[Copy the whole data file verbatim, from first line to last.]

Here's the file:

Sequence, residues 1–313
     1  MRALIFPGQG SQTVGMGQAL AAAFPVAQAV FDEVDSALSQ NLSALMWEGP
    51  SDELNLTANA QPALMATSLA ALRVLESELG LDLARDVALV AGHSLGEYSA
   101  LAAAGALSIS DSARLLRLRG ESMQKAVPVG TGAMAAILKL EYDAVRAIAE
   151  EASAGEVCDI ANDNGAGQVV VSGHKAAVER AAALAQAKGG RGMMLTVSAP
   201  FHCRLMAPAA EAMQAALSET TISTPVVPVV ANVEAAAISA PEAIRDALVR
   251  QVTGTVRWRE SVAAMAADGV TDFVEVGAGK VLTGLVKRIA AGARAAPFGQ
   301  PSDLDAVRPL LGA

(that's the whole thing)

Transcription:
Sequence, residues 1–313
     1  MRALIFPGQG SQTVGMGQAL AAAFPVAQAV FDEVDSALSQ NLSALMWEGP
    51  SDELNLTANA QPALMATSLA ALRVLESELG LDLARDVALV AGHSLGEYSA
   101  LAAAGALSIS DSARLLRLRG ESMQKAVPVG TGAMAAILKL EYDAVRAIAE
   151  EASAGEVCDI ANDNGAGQVV VSGHKAAVER AAALAQAKGG RGMMLTVSAP
   201  FHCRLMAPAA EAMQAALSET TISTPVVPVV ANVEAAAISA PEAIRDALVR
   251  QVTGTVRWRE SVAAMAADGV TDFVEVGAGK VLTGLVKRIA AGARAAPFGQ
   301  PSDLDAVRPL LGA